The World Wide Web Wins
the Online Crown
A year and a half ago, Delphi surprised the consumer online service industry by giving its customers access to the Internet. Delphi users could not only send and receive Internet e-mail but also use telnet, FTP, and gopher as far back as 1993.
The move was unusual for a number of reasons, not least of which was that, at the time, demand for Internet access was barely a blip on the radar screen. Delphi was aware they were taking a risk. They knew the Internet was uncharted and complicated-to-use and that by making it available they were inviting a potential sea of complaints from users who were bound to get lost or not be able to make things work.
How times have changed. Now the risk to online service providers is not being able to provide Internet services, specifically World Wide Web access, fast enough.
Prodigy, which for a long time was seen as one of the least innovative of the big online ventures, has succeeded in becoming the first major online service to give its users access to the World Wide Web with a graphical interface. Within two weeks of the service being made available, the company reported over 200,000 Prodigy users signed up for it.
CompuServe and America Online both claim to be “close” to providing the Web to their customers. And Delphi has given up trying to develop its own Web interface and has licensed Netscape’s Navigator and Netsite Commercial Server software.
Meanwhile PSI, the largest “pure” Internet service provider, has purchased The Pipeline as a prelude to launching a national mass market service which will take advantage of Pipeline’s critically acclaimed interface. Netcom, with approximately 80,000 Internet service subscribers, made a similar attempt to make the Internet easier to use with its homegrown Netcruiser interface.
Essentially what’s happened is that in response to overwhelming market demand, virtually everyone in the consumer online business has decided to become a World Wide Web access provider. The big commercial services realize they’ll never be able to compete either in quantity or quality with the Web’s prodigious capacity to create content. So rather than fight, they are switching their strategies. Their best hope is to hold onto their current customers and attract new ones by offering lower prices and better service. Nipping at their heels every step of the way will be legions of local Internet service providers with low overheads and high ambitions.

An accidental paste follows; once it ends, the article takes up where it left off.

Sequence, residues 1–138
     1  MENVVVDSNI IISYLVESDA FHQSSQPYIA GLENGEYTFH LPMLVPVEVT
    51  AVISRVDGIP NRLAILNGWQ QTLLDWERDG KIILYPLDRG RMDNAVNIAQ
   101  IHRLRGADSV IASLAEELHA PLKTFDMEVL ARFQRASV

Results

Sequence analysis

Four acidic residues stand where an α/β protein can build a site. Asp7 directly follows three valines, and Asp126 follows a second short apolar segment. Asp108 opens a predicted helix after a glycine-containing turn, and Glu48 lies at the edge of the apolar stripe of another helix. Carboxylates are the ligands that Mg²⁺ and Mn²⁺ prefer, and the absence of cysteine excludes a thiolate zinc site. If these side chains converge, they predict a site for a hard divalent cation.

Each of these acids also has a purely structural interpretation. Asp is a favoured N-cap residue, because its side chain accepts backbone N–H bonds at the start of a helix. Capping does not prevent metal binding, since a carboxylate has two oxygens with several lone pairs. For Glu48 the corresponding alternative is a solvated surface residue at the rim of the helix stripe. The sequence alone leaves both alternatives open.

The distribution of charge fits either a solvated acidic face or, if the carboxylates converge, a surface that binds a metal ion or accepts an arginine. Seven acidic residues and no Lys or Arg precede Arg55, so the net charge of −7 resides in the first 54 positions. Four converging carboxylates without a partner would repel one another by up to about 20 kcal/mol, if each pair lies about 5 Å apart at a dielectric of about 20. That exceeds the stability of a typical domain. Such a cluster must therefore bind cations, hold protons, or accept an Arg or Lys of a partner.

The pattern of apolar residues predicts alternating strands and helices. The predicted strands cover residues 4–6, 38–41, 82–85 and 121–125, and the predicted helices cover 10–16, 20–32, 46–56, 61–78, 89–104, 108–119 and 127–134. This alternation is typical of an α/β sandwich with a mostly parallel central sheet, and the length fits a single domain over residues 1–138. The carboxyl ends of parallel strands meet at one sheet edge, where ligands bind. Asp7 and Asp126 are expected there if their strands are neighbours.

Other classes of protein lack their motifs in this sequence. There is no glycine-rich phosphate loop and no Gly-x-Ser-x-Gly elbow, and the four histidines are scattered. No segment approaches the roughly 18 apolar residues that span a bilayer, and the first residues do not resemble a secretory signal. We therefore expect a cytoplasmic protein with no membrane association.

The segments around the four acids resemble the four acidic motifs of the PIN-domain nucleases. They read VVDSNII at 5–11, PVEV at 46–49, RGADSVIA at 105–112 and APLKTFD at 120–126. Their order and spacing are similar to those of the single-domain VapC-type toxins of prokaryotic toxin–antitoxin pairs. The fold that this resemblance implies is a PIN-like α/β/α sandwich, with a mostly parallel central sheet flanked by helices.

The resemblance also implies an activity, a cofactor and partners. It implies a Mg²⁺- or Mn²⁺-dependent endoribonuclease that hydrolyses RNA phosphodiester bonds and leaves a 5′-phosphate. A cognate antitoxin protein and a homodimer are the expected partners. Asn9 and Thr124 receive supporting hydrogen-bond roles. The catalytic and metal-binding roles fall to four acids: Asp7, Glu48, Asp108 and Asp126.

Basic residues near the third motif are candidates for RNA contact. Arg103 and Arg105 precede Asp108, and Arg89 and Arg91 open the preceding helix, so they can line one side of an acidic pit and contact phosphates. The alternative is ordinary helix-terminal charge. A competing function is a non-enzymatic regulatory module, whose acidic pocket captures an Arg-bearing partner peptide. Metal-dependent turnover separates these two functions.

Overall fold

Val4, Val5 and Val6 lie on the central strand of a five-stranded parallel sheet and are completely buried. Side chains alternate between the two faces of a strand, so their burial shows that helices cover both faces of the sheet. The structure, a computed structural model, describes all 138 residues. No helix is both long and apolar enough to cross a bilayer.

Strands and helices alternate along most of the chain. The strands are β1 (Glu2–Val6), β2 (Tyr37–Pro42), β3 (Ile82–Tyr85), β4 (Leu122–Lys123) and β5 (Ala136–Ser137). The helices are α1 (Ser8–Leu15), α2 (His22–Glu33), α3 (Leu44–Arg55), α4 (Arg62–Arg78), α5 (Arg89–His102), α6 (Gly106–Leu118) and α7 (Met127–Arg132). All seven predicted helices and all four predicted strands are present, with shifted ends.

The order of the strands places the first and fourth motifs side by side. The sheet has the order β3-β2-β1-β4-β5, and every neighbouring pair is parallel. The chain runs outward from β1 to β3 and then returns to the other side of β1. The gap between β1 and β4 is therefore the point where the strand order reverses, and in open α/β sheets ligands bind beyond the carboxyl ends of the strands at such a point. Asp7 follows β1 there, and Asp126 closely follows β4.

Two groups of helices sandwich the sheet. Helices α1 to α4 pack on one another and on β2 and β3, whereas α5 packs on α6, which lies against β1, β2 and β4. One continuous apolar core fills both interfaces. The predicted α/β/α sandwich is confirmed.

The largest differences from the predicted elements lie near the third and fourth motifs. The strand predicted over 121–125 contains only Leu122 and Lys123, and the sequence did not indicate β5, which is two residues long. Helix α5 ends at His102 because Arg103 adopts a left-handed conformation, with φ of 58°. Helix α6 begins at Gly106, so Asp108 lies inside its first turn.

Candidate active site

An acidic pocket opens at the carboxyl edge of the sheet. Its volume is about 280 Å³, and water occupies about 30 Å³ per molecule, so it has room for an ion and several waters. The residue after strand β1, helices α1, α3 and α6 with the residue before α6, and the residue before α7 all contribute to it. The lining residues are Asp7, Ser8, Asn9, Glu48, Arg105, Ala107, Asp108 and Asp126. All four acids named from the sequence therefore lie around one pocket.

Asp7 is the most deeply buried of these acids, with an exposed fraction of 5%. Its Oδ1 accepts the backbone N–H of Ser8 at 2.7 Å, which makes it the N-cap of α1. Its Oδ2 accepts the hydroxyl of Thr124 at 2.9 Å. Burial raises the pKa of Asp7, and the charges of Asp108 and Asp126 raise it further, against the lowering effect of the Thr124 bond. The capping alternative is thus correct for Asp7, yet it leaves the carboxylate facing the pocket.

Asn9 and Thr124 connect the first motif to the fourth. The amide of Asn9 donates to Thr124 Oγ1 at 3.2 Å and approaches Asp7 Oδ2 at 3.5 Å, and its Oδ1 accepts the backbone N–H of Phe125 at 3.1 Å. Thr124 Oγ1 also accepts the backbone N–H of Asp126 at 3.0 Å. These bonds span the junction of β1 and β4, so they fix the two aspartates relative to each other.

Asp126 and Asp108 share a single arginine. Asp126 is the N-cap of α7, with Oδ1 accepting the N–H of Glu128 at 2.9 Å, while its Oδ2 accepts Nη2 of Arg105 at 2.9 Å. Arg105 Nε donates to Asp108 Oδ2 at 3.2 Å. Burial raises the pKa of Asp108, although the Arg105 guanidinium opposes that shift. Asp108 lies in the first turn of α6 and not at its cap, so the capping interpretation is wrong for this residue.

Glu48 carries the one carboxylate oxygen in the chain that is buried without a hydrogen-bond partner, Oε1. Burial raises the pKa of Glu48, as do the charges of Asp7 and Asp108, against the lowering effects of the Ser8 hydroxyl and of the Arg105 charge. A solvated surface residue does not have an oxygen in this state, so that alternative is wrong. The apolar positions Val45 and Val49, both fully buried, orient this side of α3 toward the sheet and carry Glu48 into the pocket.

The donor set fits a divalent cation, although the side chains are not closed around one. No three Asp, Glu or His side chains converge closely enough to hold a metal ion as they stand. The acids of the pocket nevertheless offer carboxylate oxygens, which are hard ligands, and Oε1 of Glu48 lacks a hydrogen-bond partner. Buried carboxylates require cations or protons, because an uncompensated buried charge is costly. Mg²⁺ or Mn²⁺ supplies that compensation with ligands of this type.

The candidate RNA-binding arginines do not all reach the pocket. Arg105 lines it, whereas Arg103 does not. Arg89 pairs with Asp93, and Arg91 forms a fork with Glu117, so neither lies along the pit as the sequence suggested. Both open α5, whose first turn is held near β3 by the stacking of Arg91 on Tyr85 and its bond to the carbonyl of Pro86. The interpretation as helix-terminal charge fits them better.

All this is good news for current and would-be Internet users as this scenario will tend to drive cost of service down and quality of service up.
This is also good news for people who are excited about the potential of the Internet as a marketing and communications channel. Currently 7% of US homes use online services, about 42% of all computer owners. Before the ascendance of the Web, in order to reach this fast and growing population you needed to make separate arrangements with each of the online services, and put up with their terms and technologies. A common deal was “you provide all the content and bring us your customers and we’ll give you 10% of the revenue generated by the people who visit your area on our closed network.”
Now any company or organization can afford to develop a presence on the world’s largest and, soon-to-be, most accessible computer network. And most importantly, they can do it in their own way without being taxed or held back by the limitations imposed by closed, proprietary systems.
The future of the Internet can be summed up in ten words: better service, lower prices, more content, more users, more opportunities.
– Ken McCarthy
P.S. For over 25 years I’ve been sharing the simple but powerful things that matter in business with my clients.
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